Video

Video Kerry Seeks Assurances of Russian Non-Interference in Ukraine

U.S. Secretary of State John Kerry has told his Russian counterpart, Sergei Lavrov, that his country could face further consequences to what he called its “already strained economy” if Moscow does not fully comply with a cease-fire in Ukraine. The two met, on Monday, on the sidelines of a U.N. Human Rights Council meeting in Geneva, where Kerry outlined human rights violations in Russian-annexed Crimea and eastern Ukraine. VOA State Department correspondent Pam Dockins reports from Geneva.
Video

Video Smartphones May Help in Diagnosing HIV

Diagnosing infections such as HIV requires expensive clinical tests, making the procedure too costly for many poor patients or those living in remote areas. But a new technology called lab-on-a-chip may make the tests more accessible to many. VOA’s George Putic reports.
Video

Video Afghan Refugees Complain of Harassment in Pakistan

Afghan officials have expressed concern over reports of a crackdown on Afghan refugees in Pakistan following the Peshawar school attack in December. Reports of mass arrests and police harassment coupled with fear of an uncertain future are making life difficult for a population that fled its homeland to escape war. VOA’s Ayesha Tanzeem reports from Islamabad.
Video

Video Ukrainian Volunteers Prepare to Defend Mariupol

Despite the ongoing ceasefire in Ukraine, soldiers in the city of Mariupol fear that pro-Russian separatists may be getting ready to attack. The separatists must take or encircle the city if they wish to gain land access to Crimea, which was annexed by Russia early last year. But Ukrainian forces, many of them volunteers, say they are determined to defend it. Patrick Wells reports from Mariupol.
Video

Video Moscow Restaurants Suffer in Bad Economy, Look for Opportunity

As low oil prices and Western sanctions force Russia's economy into recession, thousands of Moscow restaurants are expected to close their doors. Restaurant owners face rents tied to foreign currency, while rising food prices mean Russians are spending less when they dine out. One entrepreneur in Moscow has started a dinner kit delivery service for those who want to cook at home to save money but not skimp on quality. VOA's Daniel Schearf reports.
Video

Video US, Cuba Report Progress in Latest Talks to Restore Ties

The United States and Cuba say they have made progress in the second round of talks on restoring diplomatic relations more than 50 years after breaking off ties. Delegations from both sides met in Washington on Friday to work on opening embassies in Havana and Washington and iron out key obstacles to historic change. VOA’s Mary Alice Salinas reports from the State Department.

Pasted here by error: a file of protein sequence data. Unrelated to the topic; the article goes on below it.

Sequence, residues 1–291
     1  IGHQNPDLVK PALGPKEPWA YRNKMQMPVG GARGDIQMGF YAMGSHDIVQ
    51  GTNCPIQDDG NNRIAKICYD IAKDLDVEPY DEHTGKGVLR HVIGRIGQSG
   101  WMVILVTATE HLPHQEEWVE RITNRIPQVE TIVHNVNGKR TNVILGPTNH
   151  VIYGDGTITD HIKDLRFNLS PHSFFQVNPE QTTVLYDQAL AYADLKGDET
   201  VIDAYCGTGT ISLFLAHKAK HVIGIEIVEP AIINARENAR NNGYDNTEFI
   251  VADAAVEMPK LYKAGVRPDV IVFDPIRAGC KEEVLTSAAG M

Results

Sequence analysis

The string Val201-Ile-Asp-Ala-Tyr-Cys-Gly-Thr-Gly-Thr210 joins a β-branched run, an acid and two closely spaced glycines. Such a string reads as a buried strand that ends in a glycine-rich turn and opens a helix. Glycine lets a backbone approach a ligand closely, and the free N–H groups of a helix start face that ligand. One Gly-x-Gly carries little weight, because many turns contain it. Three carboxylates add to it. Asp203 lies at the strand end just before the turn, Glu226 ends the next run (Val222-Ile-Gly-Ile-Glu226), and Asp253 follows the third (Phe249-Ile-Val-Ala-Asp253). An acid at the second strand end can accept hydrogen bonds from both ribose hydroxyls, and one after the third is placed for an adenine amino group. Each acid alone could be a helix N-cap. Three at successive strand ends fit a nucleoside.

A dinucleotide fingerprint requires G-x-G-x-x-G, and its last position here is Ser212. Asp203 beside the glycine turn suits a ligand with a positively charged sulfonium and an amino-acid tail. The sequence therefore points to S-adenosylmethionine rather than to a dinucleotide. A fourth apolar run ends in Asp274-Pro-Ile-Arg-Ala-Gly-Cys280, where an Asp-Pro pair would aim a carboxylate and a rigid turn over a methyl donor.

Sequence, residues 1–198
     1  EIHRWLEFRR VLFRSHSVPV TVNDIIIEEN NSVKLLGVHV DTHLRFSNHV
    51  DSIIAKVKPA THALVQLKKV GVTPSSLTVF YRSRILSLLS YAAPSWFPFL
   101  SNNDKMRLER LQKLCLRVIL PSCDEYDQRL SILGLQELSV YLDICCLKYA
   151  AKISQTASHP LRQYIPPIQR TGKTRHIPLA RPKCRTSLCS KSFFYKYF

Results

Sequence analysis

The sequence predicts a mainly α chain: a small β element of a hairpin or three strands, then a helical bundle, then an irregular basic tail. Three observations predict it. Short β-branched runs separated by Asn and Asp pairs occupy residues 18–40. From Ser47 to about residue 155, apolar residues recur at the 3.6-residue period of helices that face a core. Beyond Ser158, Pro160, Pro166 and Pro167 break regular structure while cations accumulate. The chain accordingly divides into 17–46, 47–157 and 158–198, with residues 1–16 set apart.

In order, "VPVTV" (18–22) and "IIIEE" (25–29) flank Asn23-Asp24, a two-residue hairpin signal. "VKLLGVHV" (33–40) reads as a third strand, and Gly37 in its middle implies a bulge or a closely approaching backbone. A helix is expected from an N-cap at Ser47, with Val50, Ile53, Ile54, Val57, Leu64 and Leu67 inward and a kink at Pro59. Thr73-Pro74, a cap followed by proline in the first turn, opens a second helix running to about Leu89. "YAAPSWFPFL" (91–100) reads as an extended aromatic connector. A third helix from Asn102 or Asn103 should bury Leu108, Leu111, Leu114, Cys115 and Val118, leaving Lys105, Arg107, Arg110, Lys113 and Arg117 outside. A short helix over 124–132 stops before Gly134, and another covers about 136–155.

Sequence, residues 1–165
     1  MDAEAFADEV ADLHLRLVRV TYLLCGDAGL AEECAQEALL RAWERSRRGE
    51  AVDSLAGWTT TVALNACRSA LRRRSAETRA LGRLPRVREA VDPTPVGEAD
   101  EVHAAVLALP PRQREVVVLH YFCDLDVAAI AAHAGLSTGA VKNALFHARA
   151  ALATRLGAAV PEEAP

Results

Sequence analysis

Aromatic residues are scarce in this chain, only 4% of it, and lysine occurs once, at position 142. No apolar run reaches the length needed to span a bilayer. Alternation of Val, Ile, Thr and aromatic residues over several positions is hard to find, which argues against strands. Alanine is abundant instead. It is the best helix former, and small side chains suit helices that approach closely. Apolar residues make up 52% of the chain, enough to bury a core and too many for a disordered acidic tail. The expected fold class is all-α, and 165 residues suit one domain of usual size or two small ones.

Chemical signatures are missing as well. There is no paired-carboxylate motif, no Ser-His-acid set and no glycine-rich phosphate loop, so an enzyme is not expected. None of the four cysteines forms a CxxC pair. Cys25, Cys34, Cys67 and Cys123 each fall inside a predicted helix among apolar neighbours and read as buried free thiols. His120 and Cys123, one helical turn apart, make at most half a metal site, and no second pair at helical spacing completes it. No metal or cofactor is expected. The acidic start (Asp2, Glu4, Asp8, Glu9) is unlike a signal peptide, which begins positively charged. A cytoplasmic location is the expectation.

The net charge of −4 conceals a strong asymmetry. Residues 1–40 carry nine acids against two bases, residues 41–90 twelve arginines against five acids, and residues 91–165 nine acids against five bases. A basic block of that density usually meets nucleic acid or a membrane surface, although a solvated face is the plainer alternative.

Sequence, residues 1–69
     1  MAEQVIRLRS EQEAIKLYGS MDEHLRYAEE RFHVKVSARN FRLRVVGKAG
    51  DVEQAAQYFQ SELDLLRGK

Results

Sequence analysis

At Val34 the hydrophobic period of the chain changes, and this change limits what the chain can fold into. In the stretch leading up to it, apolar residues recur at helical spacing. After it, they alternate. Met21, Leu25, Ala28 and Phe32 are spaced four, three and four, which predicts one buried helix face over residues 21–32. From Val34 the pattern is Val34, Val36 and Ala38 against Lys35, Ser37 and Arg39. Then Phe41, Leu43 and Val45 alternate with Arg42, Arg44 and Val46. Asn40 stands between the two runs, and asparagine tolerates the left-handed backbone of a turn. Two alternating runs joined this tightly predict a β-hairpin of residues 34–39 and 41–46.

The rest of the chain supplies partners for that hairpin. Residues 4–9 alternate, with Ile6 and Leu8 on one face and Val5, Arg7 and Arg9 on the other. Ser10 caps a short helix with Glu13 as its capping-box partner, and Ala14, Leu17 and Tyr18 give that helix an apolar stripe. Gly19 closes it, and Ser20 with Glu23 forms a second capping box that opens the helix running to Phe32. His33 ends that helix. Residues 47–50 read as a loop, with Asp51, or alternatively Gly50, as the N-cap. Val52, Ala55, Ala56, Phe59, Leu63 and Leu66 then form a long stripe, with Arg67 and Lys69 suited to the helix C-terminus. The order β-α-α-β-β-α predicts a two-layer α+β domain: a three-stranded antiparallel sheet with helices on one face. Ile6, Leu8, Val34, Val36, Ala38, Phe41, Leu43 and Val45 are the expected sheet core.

Video

Video Presidential Hopefuls Battle for Conservative Hearts and Minds

One after another, presumptive Republican presidential contenders auditioned for conservative support this week at the Conservative Political Action Conference held outside Washington. The rhetoric was tough as a large field of potential candidates tried to woo conservative support with red-meat attacks on President Barack Obama and Democrats in Congress. VOA Political Columnist Jim Malone takes a look.
Video

Video NYC's Restaurant Week: An Economic Boom in Fine Dining

New Yorkers take pride in setting world trends — in fashion, the arts and fine dining. The city’s famous biannual Restaurant Week plays a significant role in a booming tourism industry that sustains 359,000 jobs and generates $61 billion in yearly revenue. VOA's Ramon Taylor reports.
Video

Video Brookhaven at Cutting Edge of US Energy Research

Issues like the Keystone XL pipeline, fracking and instability in the Middle East are driving debate in the U.S. about making America energy independent. Recently, the American Energy Innovation Council urged Congress and the White House to make expanded energy research a priority. One beneficiary of increased energy spending would be the Brookhaven National Lab, where clean, renewable, efficient energy is the goal. VOA's Bernard Shusman reports.
Video

Video Southern US Cities Preserve Civil Rights Heritage to Boost Tourism

There has been a surge of interest in the American civil rights movement of the 1950s and '60s, thanks in part to the Hollywood motion picture "Selma." Five decades later, communities in the South are embracing the dark chapters of their past with hopes of luring tourism dollars. VOA's Chris Simkins reports.
Video

Video Deep Under Antarctic Ice Sheet, Life!

With the end of summer in the Southern hemisphere, the Antarctic research season is over. Scientists from Northern Illinois University are back in their laboratory after a 3-month expedition on the Ross Ice Shelf, the world’s largest floating ice sheet. As VOA’s Rosanne Skirble reports, they hope to find clues to explain the dynamics of the rapidly melting ice and its impact on sea level rise.
Video

Video Lao Dam Project Runs Into Opposition

A Lao dam project on a section of the Mekong River is drawing opposition from local fishermen, international environmental groups and neighboring countries. VOA's Say Mony visited the region to investigate the concerns. Colin Lovett narrates.

All About America

Circumventing Censorship

An Internet Primer for Healthy Web Habits

As surveillance and censoring technologies advance, so, too, do new tools for your computer or mobile device that help protect your privacy and break through Internet censorship.
More